Post Tagged with: "OECD"

The Conference Board of Canada’s Deceptive, Plagiarized Digital Economy Report

The Conference Board of Canada bills itself as "the foremost, independent, not-for-profit applied research organization in Canada. Objective and non-partisan. We do not lobby for specific interests."  These claims should take a major hit based on last week's release of a deceptive, plagiarized report on the digital economy that copied text from the International Intellectual Property Alliance (the primary movie, music, and software lobby in the U.S.), at times without full attribution.  The report itself was funded by copyright lobby groups (U.S. Chamber of Commerce, Canadian Chamber of Commerce, Canadian Anti-Counterfeiting Network, Copyright Collective of Canada which represents U.S. film production) along with the Ontario Ministry of Research and Innovation. The role of the Ontario government obviously raises questions about taxpayer dollars being used to pay for a report that simply recycles the language of a U.S. lobby group paper.

Start with the press release promoting the study, titled "Canada Seen as the File Swapping Capital of the World" which claims:

As a result of lax regulation and enforcement, internet piracy appears to be on the increase in Canada. The estimated number of illicit downloads (1.3 billion) is 65 times higher than the number legal downloads (20 million), mirroring the Organisation for Economic Cooperation and Development’s conclusion that Canada has the highest per capita incidence of unauthorized file-swapping in the world.

While the release succeeded in generating attention, the report does not come close to supporting these claims. The headline-grabbing claim of 1.3 billion unauthorized downloads relies on a January 2008 Canadian Recording Industry Association press release.  That release cites a 2006 Pollara survey as the basis for the statement.  In other words, the Conference Board relies on a survey of 1200 people conducted more than three years ago to extrapolate to a claim of 1.3 billion unauthorized downloads (the survey itself actually ran counter to many of CRIA's claims).  The OECD study that the Conference Board says found the highest per capita incidence of unauthorized file sharing in the world did not reach that conclusion.  The report – which is based on six year old data that is now out-of-date – was limited to the 30 OECD countries (not the world) and did not make any comment or determination on unauthorized activity. 

That is just the press release – the report itself is even worse as it is largely a copy of the IIPA 2008 Special 301 Report on Canada.  Given the lack of attribution in some instances, this work would face possible plagiarism sanctions in almost any academic environment.  Even where there is attribution, the chart below demonstrates that the report simply adopts the IIPA positions and language as its own.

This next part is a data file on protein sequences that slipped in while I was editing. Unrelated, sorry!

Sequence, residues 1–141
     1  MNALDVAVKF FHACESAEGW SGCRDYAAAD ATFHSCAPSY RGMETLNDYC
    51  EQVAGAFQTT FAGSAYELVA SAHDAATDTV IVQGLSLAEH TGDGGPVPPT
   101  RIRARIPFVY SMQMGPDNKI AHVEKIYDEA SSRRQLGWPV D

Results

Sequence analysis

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May 25, 2009 Comments are Disabled Stop CDMCA

Report Shows Canada Declining As Source of P2P Infringement Claims

BayTSP, a U.S. firm that identifies and tracks copyright content on behalf of major movie and music interests, has released its annual report on online trends (the study is not online, but they did send me a copy and Ars Technica, Torrent Freak, and P2PNet have reports).  The report is […]

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May 14, 2009 7 comments News

OECD Releases Latest Broadband Rankings

The OECD is out with its latest broadband rankings – the CBC notes that Canada ranks tenth overall (first for cable broadband, but that is pretty irrelevant), one of the few countries without an unlimited plan from a major provider, and one of the most expensive broadband pricing relative to […]

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October 29, 2008 1 comment Must Reads

Canadian Broadband Ranking Continues to Drop

The OECD has released its latest broadband rankings, with Canada dropping from 9th to 10th.

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May 21, 2008 1 comment Must Reads

Ontario Chamber of Commerce Floats Counterfeit Numbers

The Ontario Chamber of Commerce is out today with a new report on intellectual property which recycles many of the demands of the copyright lobby – WIPO ratification, tougher penalties, and a handful of task forces.  What makes the report unique, however, is its claims about the size and scope of the counterfeiting issue in Canada.  The report includes the RCMP's discredited $30 billion claim and even though the RCMP has backed away from it, the report states that it is a "widely accepted" estimate. 

The Chamber's press release trumpets $22.5 billion in counterfeiting losses for Canada of which it says $9 billion comes from Ontario.  How did it arrive at this figure? 

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December 3, 2007 3 comments News